The CM Storm Inferno is the second gaming mouse from Cooler Master. Can it perform as well as their first mouse, the Sentinel Advance? Read our review to find out.
The CM Storm Inferno is the second mouse of the CM Storm brand–the first is the CM Storm Sentinel Advanced, a mouse we really liked.
At first glance, the CM Storm Inferno looks like a cut down version of the Sentinel Advance. For example, it has a resolution of “only 4000 dpi” compared to the 5600 dpi found on the Sentinel Advance. It also lacks the weight distribution system. However, if we look closer at the specifications, we notice that it instead has more built in memory and also allows us to set up more levels of resolution than the Sentinel Advance. But how does it compare to the Sentinel Advance? Read on to find out.
|Feature/Specification||CM Storm Inferno|
Black and Grey
Rubber Grip / ABS Plastic / Mesh Bezel / Metal Plate
(W) 80X (H) 135 X (D) 40 mm
161.5 g / 0.356 lb
4000 DPI Storm Tactical™ Laser Sensor
|X&Y Axis Configuration||Independent and programmable|
|Maximum Tracking Speed||115 IPS|
|Dynamic Surface Adaptation||Tracks on all surfaces, lift-off distance 2mm|
|Form Factor||Right Hand Ergonomic|
|Illumination||IC controlled Illumination with red lighting effect|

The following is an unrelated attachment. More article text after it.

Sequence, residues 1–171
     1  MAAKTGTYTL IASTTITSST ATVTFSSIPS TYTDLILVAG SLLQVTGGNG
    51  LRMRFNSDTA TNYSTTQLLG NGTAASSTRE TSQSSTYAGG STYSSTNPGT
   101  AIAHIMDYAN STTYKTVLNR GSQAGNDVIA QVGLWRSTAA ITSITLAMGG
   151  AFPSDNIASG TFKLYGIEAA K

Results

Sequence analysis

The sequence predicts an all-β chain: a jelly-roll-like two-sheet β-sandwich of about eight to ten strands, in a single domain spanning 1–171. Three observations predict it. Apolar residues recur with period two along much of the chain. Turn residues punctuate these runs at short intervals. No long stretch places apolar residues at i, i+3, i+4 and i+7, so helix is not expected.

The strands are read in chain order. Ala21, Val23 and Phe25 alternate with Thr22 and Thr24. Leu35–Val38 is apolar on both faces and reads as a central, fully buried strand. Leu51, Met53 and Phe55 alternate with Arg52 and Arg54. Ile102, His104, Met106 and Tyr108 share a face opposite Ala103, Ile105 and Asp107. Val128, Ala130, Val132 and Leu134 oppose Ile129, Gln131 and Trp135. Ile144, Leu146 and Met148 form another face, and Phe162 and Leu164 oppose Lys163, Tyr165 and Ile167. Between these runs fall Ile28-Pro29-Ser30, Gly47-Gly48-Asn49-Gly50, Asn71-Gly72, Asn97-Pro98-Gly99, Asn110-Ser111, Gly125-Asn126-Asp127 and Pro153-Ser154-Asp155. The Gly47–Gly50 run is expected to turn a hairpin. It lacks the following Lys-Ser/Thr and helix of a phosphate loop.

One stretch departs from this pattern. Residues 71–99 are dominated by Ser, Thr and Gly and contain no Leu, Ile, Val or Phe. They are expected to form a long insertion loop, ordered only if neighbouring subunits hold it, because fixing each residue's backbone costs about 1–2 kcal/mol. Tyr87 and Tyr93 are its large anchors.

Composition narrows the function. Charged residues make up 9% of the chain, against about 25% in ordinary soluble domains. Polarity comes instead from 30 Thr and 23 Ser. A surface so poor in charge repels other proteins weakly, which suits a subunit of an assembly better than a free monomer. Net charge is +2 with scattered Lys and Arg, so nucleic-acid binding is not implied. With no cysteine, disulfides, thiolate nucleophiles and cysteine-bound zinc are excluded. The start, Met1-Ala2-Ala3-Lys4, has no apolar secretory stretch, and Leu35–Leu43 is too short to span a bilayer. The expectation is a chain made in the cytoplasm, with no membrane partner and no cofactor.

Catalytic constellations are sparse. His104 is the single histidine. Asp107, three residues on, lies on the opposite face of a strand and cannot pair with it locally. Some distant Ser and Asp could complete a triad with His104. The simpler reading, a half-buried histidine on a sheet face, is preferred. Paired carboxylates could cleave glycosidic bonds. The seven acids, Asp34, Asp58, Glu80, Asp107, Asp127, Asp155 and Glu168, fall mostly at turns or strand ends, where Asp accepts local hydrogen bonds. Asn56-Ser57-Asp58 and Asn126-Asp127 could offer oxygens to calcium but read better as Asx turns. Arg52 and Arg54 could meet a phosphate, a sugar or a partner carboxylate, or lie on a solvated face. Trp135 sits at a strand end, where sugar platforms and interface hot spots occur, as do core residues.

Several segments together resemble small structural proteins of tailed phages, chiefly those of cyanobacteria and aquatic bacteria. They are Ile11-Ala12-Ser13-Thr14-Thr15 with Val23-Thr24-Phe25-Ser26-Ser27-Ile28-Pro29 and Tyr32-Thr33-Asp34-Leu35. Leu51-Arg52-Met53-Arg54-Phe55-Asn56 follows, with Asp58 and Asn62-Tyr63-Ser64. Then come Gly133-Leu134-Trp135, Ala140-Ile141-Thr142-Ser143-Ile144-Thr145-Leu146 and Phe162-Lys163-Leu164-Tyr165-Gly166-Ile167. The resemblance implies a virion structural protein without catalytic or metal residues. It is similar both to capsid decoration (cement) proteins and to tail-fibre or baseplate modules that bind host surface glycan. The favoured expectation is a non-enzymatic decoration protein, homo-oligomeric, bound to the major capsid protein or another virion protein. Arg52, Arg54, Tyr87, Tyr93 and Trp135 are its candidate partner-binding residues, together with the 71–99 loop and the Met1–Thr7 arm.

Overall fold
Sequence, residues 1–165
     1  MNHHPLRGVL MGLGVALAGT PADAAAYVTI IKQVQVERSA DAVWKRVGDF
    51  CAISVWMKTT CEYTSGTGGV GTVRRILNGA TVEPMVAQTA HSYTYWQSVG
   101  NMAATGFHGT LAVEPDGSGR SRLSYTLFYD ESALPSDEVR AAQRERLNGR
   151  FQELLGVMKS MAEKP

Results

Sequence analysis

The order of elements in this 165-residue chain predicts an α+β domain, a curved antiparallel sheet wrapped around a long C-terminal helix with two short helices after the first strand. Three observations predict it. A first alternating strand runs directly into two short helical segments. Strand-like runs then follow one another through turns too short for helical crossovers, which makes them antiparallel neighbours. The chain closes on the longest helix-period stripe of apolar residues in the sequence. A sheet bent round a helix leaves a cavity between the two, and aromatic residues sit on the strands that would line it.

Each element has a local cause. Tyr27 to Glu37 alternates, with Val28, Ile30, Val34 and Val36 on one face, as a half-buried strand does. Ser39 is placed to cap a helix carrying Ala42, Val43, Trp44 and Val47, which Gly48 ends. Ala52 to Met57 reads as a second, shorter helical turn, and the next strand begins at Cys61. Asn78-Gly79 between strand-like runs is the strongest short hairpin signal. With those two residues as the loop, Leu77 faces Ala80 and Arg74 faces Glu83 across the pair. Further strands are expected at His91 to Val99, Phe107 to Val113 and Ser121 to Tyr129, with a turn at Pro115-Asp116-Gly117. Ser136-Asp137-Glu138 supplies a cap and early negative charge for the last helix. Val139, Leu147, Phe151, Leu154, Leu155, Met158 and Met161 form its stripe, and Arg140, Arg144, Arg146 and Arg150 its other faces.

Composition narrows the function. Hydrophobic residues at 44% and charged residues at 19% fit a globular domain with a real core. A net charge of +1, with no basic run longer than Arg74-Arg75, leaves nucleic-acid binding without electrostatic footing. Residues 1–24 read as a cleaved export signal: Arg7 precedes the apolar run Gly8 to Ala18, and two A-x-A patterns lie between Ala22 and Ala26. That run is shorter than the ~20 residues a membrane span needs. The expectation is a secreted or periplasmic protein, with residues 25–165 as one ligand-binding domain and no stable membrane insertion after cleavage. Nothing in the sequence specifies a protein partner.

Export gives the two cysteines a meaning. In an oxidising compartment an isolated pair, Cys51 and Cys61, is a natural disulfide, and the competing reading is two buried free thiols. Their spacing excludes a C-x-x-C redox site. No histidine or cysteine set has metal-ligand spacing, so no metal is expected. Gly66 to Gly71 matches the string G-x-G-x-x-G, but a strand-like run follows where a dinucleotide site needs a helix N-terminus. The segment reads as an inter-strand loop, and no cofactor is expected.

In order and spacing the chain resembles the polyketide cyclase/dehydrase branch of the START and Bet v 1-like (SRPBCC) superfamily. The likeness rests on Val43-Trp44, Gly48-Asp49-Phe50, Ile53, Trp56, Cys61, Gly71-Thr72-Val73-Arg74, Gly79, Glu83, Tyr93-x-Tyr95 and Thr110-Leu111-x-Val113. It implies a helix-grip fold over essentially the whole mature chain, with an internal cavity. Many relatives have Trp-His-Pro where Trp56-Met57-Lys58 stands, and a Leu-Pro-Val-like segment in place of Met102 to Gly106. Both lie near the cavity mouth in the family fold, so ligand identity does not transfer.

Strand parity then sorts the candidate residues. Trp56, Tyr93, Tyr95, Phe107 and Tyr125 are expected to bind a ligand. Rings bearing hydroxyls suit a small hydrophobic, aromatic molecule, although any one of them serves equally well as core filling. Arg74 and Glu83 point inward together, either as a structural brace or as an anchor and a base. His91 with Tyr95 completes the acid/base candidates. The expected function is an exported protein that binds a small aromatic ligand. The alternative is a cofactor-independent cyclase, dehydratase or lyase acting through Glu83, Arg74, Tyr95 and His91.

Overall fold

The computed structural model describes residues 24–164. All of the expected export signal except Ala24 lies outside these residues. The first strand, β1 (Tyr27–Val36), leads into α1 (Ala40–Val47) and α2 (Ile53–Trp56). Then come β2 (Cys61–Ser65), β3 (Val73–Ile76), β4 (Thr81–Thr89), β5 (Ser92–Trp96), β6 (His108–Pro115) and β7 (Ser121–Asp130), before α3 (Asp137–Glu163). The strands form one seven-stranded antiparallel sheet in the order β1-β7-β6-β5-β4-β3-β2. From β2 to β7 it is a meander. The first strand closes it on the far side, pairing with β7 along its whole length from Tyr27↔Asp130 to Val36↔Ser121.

The CM Storm Inferno is a black mouse intended for right-hand users. The sides are covered with a teflon-type material which makes it quite confortable to hold. Just as with the Sentinel Advance, this mouse has several buttons as well as LED lights. In total, there are 11 buttons on the mouse (including the two regular mouse buttons and the scroll-wheel). All the buttons except the front left thumb button are easy to reach.
In contrast to the Sentinel Advance, this mouse has no weight distribution system, so users cannot change the weight of the mouse. All we find on the bottom of the mouse are three large glide-areas which do a great job of keeping mouse movement smooth on all types of surfaces. Luckily, Cooler Master has gotten the weight just right for us and it is neither to light nor too heavy.
The mouse has a few built-in LED-lights that help light up the mosue during gaming. Users cannot change the red color.
The CM Storm Inferno works well without any software. In fact, users only need to configure their settings using the included software once, as settings are stored on the mouse itself. This means users can bring the mouse to their friend’s house for gaming without losing the settings. Users can even store the program on a flash drive together with configuration files and use the program that way to quickly load a new configuration to the mouse.
When starting the program, users can choose to optimize the sensor for surfing or for gaming. We must admit we never figured out the difference, as it looked like it set the same settings regardless of which one we choose.
This software is just as competent as the one for the Sentinel Advance, which isn’t surprising as it basically is the same program.
We can change the function of 9 of the buttons on the mouse. We can also set up 5 different dpi levels, and in each case, the resolution for the X- and the Y-axes can be set independently. The USB report rate can be set between 100 Hz and 1000 Hz.
The mouse can store 4 configurations, but only three can be changed by the user. The fourth configuration is a failsafe configuration users can use in the event they do something really weird to the others. The LED color of the button behind the scroll wheel tells users which configuration is loaded.